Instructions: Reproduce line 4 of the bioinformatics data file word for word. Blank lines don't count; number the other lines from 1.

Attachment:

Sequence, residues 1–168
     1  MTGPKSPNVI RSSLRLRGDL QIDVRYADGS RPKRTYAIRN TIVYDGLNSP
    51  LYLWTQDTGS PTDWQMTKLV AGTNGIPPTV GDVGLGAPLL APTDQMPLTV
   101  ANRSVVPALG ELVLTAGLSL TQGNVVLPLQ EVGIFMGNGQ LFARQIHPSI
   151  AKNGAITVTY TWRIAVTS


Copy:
   101  ANRSVVPALG ELVLTAGLSL TQGNVVLPLQ EVGIFMGNGQ LFARQIHPSI